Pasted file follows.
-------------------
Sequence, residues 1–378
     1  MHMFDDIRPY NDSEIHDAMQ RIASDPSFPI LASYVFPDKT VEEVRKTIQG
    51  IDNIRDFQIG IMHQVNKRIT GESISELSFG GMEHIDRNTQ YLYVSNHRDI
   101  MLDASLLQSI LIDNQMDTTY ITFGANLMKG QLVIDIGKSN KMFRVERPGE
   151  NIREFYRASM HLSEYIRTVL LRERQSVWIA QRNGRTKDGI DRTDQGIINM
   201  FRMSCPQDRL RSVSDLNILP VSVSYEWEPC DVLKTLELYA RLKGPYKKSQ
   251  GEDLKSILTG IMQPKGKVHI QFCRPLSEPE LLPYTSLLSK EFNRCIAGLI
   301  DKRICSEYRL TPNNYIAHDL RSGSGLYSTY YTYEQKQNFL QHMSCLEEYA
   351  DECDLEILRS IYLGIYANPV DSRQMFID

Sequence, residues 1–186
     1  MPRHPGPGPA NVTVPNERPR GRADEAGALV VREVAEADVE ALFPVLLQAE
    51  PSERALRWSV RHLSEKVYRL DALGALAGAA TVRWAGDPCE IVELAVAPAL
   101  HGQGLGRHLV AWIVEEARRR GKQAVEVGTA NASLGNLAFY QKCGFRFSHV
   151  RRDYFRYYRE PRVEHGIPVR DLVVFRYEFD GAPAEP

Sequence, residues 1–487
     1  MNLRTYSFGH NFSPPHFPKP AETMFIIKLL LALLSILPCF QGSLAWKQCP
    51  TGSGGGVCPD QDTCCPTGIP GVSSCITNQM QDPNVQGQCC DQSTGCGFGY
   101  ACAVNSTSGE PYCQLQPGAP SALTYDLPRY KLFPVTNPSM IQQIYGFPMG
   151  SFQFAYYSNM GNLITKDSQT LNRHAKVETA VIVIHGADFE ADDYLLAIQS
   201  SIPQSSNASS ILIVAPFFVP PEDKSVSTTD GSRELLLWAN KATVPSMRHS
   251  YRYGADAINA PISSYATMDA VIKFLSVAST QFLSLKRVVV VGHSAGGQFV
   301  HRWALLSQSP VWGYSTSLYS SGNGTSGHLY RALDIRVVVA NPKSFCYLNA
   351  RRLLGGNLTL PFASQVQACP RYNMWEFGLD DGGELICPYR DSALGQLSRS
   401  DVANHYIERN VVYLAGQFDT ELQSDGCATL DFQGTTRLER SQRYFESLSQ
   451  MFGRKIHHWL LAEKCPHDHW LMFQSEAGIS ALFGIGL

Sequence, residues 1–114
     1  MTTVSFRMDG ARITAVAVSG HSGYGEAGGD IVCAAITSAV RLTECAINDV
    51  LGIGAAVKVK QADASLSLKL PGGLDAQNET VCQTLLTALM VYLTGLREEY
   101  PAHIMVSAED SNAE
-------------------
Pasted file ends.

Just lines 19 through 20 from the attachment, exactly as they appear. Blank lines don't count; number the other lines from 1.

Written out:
   151  SFQFAYYSNM GNLITKDSQT LNRHAKVETA VIVIHGADFE ADDYLLAIQS
   201  SIPQSSNASS ILIVAPFFVP PEDKSVSTTD GSRELLLWAN KATVPSMRHS